The unconstitutionality of a part of an Act does not necessarily defeat * * * the validity of its remaining provisions. Unless it is evident that the legislature would not have enacted those provisions which are within its power, independently of that which is not, the invalid part may be dropped if what is left is fully operative as law.
United States v. Jackson, 390 U.S. 570, 585 (1968), citing Champlin Rfg. Co. v. Corporation Commn of St. of Okl., 286 U.S. 210, 234 (1932); New York v. United States, 505 U.S. 144, 186 (1992), citing Alaska Airlines, Inc. v. Brock, 480 U.S. 678, 684 (1987). In fact, it is only the summary discharge provision of 21 U.S.C. § 622 that forms the basis of defendants constitutional challenge.
The remedy the defendant seeks in holding an entire criminal statute unconstitutional as applied simply because one -- and only one -- of the statutory punishments may be unconstitutional is in the hypothetical and, in a real sense, mind-boggling. Even in capital cases where a court invalidates a death penalty provision or sentence, there is no suggestion that the underlying murder statute and conviction are invalid. It is inconceivable that any court would adopt such an approach. The Supreme Court agreed in Jackson, where it reversed a trial court decision that found constitutionally deficient the death penalty clause in the Federal Kidnaping Act:
[E]limination of [the clause authorizing capital punishment] in no way alters the substantive reach of the statute and leaves completely unchanged its basic operation. Under such circumstances, its is quite inconceivable that the Congress which decided to authorize [the punishment] would have chosen to discard the entire statute if informed that it could not include the death penalty clause now before us.
Jackson at 586. Thus, this Court should uphold counts 26 through 28 and the criminal penalty provision of the statute regardless of whether the summary discharge provision is constitutional, or not, as applied to defendant Espy.
D. THE RULE OF LENITY DOES NOT APPLY
BECAUSE THERE IS NO AMBIGUITY IN THE STATUTE
The rule of lenity only is invoked when there is an ambiguity in the statute; it is not to be used to create ambiguities or to find them where none exist. National Organization for Women v. Scheidler, 510 U.S. 249, 114 S. Ct. 798, 806 (1994). The Supreme Courts statement of the rule of lenity in National Organization for Women fairly addresses the situation in this matter. There being no ambiguity in the statute, the rule of lenity does not apply.
To adopt the defendants reading of the statute effectively means that the Secretary of Agriculture, but not his subordinates, could be on the take and avoid the provisions of 21 U.S.C. § 622. That notion offends the plain language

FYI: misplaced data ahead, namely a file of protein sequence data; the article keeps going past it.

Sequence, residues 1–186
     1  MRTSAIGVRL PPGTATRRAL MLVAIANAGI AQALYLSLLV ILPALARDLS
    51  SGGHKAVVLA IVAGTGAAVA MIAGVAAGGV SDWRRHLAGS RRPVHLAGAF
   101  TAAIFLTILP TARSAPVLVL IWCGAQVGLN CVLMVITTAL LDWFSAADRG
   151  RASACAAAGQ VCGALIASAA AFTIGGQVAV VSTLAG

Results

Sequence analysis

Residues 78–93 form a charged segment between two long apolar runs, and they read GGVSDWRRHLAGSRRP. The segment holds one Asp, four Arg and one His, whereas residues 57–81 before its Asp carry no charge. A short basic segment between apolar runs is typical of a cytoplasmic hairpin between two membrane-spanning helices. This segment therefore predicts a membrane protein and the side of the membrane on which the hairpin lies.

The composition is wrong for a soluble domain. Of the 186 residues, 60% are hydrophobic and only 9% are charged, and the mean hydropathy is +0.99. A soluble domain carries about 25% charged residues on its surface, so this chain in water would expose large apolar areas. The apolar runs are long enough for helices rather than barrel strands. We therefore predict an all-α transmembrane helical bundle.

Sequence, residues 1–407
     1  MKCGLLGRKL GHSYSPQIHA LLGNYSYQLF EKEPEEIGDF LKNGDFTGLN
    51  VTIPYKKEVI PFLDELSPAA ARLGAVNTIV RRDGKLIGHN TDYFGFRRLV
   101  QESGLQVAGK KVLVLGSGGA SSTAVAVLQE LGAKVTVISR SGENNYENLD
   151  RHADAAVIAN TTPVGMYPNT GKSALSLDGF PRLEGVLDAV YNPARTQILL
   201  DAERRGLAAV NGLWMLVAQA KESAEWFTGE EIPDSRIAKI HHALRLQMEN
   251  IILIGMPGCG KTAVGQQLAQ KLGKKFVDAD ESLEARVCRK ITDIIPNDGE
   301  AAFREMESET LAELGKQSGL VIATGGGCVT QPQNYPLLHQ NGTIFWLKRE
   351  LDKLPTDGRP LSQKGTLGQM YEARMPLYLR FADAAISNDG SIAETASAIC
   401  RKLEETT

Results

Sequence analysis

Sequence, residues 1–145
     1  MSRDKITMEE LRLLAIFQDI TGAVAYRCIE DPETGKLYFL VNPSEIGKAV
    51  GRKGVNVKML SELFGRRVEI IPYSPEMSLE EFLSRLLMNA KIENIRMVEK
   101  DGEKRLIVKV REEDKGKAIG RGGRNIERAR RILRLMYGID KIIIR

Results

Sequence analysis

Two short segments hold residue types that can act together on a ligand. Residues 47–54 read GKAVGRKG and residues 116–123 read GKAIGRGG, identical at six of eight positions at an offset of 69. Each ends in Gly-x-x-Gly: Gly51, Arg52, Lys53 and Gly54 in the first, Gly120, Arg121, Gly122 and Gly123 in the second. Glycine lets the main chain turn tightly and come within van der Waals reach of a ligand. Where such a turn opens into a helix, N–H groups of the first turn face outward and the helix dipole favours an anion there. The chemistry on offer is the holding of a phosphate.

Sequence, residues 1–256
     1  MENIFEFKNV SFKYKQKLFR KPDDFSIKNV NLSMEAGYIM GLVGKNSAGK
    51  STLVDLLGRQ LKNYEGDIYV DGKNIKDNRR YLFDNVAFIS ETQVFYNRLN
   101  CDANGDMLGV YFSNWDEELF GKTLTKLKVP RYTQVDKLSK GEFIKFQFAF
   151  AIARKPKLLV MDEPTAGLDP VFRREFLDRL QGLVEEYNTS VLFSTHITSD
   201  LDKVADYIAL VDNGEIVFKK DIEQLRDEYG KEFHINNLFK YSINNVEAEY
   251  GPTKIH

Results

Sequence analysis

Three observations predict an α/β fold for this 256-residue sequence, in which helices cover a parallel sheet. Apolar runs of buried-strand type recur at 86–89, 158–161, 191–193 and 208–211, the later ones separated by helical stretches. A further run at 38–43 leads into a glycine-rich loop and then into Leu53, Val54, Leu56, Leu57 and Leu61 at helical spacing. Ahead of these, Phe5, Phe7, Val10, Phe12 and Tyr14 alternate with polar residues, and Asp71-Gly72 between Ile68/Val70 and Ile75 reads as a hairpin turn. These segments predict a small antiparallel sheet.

of the statute and its zero tolerance attitude toward USDA officers and employees who receive things of value from persons and entities regulated under the Federal Meat Inspection Act. It is Congress hortatory language that conveys the strong view that the acceptance of things of value by the Secretary of Agriculture, as well as other public officials and subordinates within the Department of Agriculture, is unlawful under section 622. Accordingly, this Court should deny defendants motion to dismiss the Meat Inspection Act counts.
Date: November 20, 1997 Respectfully submitted,
OFFICE OF INDEPENDENT COUNSEL
In Re Alphonso Michael (Mike) Espy
Donald C. Smaltz, Independent Counsel
William F. Fahey
Roscoe C. Howard
Theodore S. Greenberg
Robert W. Ray
Jacob S. Frenkel
103 Oronoco Street, Suite 200
Alexandria, Virginia 22314
Tel: (703) 706-0010
Fax: (703) 706-0076
 As discussed infra, it is the Secretary who, as delegator of inspection duties, is the chief inspector. As early as 1890, Congress expressly tasked the Secretary with inspection duties, authorizing him to employ persons he deems necessary to enable him to discharge certain of his inspection functions -- to extend and continue the investigation of the adulteration of food, drugs and liquors.___ Rep. No. ___, 51st Cong., 1st Sess., Ch. 707, at 286; 26 Stat. 286 (1890).
 See Ankenbrandt v. Richards, 504 U.S. 689, 707 (1992) (Blackmun, J., concurring) (This Court has recognized that in the absence of a clearly expressed intention to the contrary, the language of the statute itself is ordinarily conclusive.); Consumer Prod. Safety Commn v. GTE Sylvania, Inc., 447 U.S. 102, 108 (1980) (same); Community for Creative Non-Violence v. Reid, 490 U.S. 730, 739 (1989) (The starting point for our interpretation of a statute is always its language.).